Topic: Radicalism, Reform and Migration: The Transformations of Shaykh Nimr Baqir al-Nimr
Faculty: Dr. Robert Riggs, World Religions
Student: Jonathan Stupple, Religious Studies; IPED

Topic: Reversing Dental LA with Acupuncture and University of Bridgeport Acupuncture Clinic Patient Demographics
Faculty: Professors Jennifer Brett and Wendy Garcia, Acupuncture
Student: Peter Tournas, General Studies; Health Science

Topic: Motivation and Attribution: Can We Predict Athletic Performance?
Faculty: Dr. Liane Leedom, Counseling and Psychology
Student: Hakeem Adams, Psychology

In addition to furthering faculty research lines, enrichment activities for participants included:

  • Weekly workshops by UB faculty, staff, and community partners
  • Weekly Journal Clubs to enhance critical thinking and analytic skills
  • Weekly Research in Progress (R.I.P.) Meetings led by UB Biomedical and Bio Behavioral faculty
  • An academic and professional development series on developing a research career, graduate school admissions, and other topics of interest to future researchers
  • Opportunities to attend various on and off campus social and cultural activities.

Concluded Nelson, “What wowed me was the passion the students had for their discipline and their learning. I was floored by their excitement every day, and by watching their skills evolve and their confidence grow. By the end of the program they were truly undergraduate scholars.”

The Undergraduate Council on Research and Scholarship

According to Dean Tarek Sobh, this coming year will mark a significant milestone for the institution: the University of Bridgeport will be formally recognized as a “research university.” To promote a culture of inquiry by furthering professional development through the advancement of knowledge and the production of research, the newly-formed Undergraduate Council on Research and Scholarship will take a stronger role in the years ahead. Members include:

Tarek Sobh, Ph.D.
Senior vice President for Graduate Studies & Resarch
Dean of the School of Engineering

Jessica A. Nelson, Ph.D., MFT
Assistant Professor, Counseling
Director of Undergraduate Research

Ruba S. Deeb, Ph.D.
Director of Biomedical Research Development
Research Associate Professor of Bioengineering

David Oberleitner, Ph.D.
Associate Professor, Psychology

Kathleen Engelmann, Ph.D.
Associate Professor, Biology
Medical Laboratory Science

Carrie Picardi, Ph.D.
Assistant Professor, Human Resources & Leadership

Christine Hempowicz, Ed.D.
Director, Office of Sponsored Research & Programs

Robert Riggs, Ph.D.
Associate Professor, World Religions
Director, UB Honors Program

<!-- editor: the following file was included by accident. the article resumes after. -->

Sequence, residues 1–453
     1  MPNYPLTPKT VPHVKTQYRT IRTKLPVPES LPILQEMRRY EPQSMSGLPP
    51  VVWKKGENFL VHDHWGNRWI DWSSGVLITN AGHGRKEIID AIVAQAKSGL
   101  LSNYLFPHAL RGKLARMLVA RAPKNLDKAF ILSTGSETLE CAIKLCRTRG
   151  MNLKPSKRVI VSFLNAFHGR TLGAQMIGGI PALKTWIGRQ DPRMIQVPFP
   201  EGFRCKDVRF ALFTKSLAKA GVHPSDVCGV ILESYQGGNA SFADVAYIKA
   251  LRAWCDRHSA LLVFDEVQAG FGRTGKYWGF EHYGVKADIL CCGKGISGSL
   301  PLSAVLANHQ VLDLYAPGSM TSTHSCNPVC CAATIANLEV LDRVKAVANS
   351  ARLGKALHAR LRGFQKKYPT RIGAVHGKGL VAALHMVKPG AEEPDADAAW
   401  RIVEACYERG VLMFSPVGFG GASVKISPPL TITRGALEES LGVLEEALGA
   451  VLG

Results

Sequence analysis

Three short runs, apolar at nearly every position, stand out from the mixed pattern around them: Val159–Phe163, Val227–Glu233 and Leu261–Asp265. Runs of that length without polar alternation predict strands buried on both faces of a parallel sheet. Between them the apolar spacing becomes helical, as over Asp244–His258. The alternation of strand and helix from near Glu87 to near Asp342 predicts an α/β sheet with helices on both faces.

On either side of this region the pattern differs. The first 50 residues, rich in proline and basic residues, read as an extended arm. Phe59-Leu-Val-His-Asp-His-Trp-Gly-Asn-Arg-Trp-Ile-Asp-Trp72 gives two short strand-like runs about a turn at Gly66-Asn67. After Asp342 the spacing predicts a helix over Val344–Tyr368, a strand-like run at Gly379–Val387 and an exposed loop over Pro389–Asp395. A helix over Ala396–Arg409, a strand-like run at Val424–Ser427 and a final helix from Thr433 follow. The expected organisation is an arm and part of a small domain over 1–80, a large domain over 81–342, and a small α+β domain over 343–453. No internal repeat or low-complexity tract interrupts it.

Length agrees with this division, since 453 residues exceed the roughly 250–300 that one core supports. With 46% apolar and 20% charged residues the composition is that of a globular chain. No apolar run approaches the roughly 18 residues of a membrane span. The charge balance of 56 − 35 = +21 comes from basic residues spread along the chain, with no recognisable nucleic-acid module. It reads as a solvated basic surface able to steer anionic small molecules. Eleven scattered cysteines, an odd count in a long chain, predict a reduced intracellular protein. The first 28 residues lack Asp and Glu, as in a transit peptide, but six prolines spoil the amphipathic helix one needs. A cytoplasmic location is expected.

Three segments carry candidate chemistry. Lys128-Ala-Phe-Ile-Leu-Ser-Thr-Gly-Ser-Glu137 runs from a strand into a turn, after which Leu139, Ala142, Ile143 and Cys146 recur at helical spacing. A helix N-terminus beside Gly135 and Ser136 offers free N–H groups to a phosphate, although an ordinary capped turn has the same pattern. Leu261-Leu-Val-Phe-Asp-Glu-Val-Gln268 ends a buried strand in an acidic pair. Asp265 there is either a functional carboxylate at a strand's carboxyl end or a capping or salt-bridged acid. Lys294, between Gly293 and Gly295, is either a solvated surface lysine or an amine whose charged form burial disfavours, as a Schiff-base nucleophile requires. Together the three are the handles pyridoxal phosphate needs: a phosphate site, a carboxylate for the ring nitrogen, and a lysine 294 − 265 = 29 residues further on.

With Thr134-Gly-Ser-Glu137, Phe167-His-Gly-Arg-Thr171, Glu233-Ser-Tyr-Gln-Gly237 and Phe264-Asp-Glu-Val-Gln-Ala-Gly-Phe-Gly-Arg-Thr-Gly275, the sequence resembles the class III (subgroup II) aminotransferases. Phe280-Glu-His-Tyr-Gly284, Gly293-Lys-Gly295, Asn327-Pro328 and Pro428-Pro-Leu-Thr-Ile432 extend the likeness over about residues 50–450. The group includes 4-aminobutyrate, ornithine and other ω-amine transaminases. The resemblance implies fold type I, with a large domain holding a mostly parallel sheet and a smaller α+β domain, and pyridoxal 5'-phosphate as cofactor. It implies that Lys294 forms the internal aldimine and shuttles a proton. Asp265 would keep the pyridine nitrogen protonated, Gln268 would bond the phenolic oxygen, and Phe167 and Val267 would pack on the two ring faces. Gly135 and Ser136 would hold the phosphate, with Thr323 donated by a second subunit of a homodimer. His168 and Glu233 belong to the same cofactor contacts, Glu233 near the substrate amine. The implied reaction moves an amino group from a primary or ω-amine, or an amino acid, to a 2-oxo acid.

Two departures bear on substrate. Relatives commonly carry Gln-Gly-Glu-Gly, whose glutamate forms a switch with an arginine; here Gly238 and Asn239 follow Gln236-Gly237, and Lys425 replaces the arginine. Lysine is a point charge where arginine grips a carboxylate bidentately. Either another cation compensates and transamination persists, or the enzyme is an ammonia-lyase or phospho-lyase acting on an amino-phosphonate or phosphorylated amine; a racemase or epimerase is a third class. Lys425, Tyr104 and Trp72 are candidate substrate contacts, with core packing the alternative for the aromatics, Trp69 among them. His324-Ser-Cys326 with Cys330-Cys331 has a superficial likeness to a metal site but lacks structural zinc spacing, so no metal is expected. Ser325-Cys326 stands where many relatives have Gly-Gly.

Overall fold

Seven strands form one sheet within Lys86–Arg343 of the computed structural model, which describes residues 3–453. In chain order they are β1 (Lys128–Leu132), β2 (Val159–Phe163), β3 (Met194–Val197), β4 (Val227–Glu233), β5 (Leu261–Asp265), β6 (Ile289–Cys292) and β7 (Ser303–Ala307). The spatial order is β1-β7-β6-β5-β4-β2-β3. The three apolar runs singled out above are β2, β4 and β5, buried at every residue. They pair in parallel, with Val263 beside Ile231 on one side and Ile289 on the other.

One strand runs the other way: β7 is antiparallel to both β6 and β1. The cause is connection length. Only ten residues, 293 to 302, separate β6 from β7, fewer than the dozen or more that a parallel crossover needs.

Manyul Im, Ph.D.
Dean of the School of Arts and Sciences

The 2017 Summer Scholars Symposium

The program concluded with the 2017 UB Summer Scholars Symposium, held at Littlefield Recital Hall in the Arnold Bernhard Center. Keynote Speaker Adam Pérez ’10, who received his B. Sc. in Biology with a minor in Chemistry at UB and went on to obtain his Ph.D. in Biochemistry, Microbiology and Molecular Biology at the Pennsylvania State University, shared how his journey from a Kohl’s cashier to a budding UB scientist unfolded.

As Pérez shared in his Spotlight On profile, “My research interests began in chemistry, at a part-time job on campus. In my first semester at UB, I realized I needed money to buy pizza [and coffee], but my part-time job at Kohl’s wasn’t enough to cover these expenses. I looked into opportunities to work on campus in between classes, and inquired about becoming a technician to one of my chemistry professors. That’s when my research interests ignited.”

Currently, Pérez is a postdoctoral researcher at the University of Louisville working in the Dr. John P. Wise Laboratory of Genetic and Environmental Toxicology — a connection he originally made at UB through Dr. Spiros Katsifis.

As for participants in the inaugural UB Summer Scholars Program, five of the nine scholars will continue working with their mentors throughout the Fall semester, and three of the nine will co-present or co-author with their mentor.

One of the latter will be Jonathan Stupple, whose contribution will be recognized when Dr. Robert Riggs presents formally at two major conferences:

In addition, Almazan will be submitting a poster for presentation at the 2017 New England Psychological Association convention titled “The Role of Social Isolation and Other Psychological Factors in the Perception of Body Image.” This opportunity is in addition to co-authoring a paper of the same title with faculty mentor Dr. Obertleitner that will be submitted to a peer-reviewed psychology research journal, based on their continued collaboration over the summer months.

Recalling the initial tour of UB’s research facilities in the beginning of the Summer Scholars Program, Almazan commented that he and his fellow scholars “got to take a look at the University of Bridgeport’s bright future as a research institution.” But while Dean Tarek Sobh, who spoke at the closing Symposium, jokingly imagined the program growing to 190 students in 2018, both Nelson (program director) and Almazan (summer scholar) hope to keep next year’s participants to 15-20. “I would like to see the numbers kept low,” explained Almazan, “to protect the genuineness of the relationship between the mentor and mentee.”